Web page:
We ranked each major on the following criteria, with all factors weighted equally: Simply put, business majors study all the aspects that help organizations function.One of the reasons that this major is not particularly intimidating is because all organizations that rely on money — from government entities and large corporations to mom-and-pop local businesses with only a few employees — use many of the same business principles to succeed. A degree in business may also feel approachable because rather than specializing in a single aspect of the business world, such as marketing or accounting, students learn a little bit about many different specialties.This can prepare students for upper-level and executive positions where understanding the big picture is crucial to an organization's success.

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Not only that, but you don't have to major in something obscure or terrifying to accomplish your financial and professional goals.

The good news is that earning that type of salary is within the realm of possibility.

In case you're interested in potentially earning some serious dough without getting in over your head, we've compiled a list of the least intimidating majors to consider.

Methodology To create our list of the least intimidating degrees, we looked at four data points from the National Center for Education Statistics and the Bureau of Labor Statistics, based on a matching system that aligns degrees with related careers.

For the millennial generation that has grown up surrounded by computers and digital forms of data, understanding new technology may be more intuitive than it was for previous generations for whom computers are a recent arrival on the scene.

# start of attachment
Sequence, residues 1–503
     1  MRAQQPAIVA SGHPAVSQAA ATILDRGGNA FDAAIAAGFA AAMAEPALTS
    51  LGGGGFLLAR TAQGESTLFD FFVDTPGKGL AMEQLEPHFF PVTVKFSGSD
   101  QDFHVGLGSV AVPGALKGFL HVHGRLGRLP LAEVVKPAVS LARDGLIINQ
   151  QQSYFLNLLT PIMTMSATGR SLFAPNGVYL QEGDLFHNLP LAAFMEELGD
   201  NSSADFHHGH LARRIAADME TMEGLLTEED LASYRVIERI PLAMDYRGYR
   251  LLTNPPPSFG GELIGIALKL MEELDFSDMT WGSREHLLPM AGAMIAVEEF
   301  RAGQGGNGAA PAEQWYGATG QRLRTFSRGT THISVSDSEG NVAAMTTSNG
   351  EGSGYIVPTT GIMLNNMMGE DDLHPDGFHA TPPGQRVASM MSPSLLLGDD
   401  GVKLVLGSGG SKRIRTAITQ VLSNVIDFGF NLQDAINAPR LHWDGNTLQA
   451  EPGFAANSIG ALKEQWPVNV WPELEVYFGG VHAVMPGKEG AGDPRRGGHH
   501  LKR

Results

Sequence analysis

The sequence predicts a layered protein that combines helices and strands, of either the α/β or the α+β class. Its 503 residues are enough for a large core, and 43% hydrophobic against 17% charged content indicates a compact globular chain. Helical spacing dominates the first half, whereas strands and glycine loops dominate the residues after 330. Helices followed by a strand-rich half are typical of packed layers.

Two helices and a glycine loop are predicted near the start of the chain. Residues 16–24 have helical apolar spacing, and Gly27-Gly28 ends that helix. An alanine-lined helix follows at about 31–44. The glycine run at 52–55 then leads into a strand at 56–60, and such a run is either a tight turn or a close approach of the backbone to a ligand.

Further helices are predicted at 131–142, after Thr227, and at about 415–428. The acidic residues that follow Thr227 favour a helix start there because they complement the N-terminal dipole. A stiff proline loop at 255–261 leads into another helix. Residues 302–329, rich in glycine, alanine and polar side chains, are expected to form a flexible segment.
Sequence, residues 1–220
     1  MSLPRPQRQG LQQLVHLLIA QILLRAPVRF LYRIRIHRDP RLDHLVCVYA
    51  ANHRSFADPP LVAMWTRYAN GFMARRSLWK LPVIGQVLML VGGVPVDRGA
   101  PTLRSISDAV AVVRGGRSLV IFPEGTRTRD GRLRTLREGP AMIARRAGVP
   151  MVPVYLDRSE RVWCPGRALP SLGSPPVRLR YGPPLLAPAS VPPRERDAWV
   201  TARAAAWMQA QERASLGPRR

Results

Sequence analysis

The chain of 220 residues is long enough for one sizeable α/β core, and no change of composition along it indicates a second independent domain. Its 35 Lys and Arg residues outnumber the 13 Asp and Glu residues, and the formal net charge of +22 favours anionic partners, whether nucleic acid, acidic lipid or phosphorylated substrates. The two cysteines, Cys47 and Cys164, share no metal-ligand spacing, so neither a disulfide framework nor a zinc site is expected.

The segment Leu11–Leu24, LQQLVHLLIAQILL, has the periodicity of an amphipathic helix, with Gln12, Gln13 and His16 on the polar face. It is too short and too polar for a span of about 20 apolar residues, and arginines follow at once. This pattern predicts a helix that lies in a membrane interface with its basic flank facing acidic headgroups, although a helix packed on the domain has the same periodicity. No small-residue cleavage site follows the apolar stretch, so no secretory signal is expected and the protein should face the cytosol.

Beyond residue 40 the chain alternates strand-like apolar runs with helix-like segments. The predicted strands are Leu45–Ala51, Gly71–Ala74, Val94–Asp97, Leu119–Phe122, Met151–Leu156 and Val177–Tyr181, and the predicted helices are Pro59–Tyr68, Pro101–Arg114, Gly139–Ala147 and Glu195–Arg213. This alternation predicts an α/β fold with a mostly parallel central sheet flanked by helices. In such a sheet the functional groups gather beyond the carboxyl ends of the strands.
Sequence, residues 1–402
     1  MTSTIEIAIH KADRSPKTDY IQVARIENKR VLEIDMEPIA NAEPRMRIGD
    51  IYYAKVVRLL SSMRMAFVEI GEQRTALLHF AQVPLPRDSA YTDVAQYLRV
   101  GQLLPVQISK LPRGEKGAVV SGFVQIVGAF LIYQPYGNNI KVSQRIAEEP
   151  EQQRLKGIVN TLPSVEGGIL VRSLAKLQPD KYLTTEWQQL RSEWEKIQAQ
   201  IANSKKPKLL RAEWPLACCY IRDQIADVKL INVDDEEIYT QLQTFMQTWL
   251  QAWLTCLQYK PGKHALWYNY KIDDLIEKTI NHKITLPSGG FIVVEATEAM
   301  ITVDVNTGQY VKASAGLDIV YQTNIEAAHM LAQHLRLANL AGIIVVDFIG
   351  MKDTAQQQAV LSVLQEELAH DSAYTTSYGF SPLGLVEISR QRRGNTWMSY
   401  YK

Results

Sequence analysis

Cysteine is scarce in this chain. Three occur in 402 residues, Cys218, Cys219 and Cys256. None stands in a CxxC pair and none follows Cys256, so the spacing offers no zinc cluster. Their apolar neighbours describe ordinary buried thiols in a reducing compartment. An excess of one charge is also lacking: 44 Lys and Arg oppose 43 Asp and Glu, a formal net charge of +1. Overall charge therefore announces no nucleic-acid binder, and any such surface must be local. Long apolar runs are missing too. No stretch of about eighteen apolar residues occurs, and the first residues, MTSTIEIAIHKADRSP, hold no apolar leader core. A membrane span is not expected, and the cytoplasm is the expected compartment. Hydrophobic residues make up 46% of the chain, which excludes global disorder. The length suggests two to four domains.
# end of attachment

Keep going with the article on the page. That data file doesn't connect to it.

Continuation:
While this major was in the middle of the pack among the majors surveyed in terms of hours spent on homework, over 7 percent of students graduated with a 4.0 grade point average — the highest on our list.

Here are the other stats for majors in computer science, information science and computer support: While the field can be more competitive and the amount of effort required may be slightly more than for a business major, one thing's for certain — computers are here to stay.

Then not only is the major itself not intimidating, you're getting real-world experience that can make eventual employment in the field approachable too.

Once upon a time, computer science was considered one of the most intimidating majors possible. With computers becoming an increasingly important and commonplace feature in our everyday lives, understanding how they work is more vital than ever before.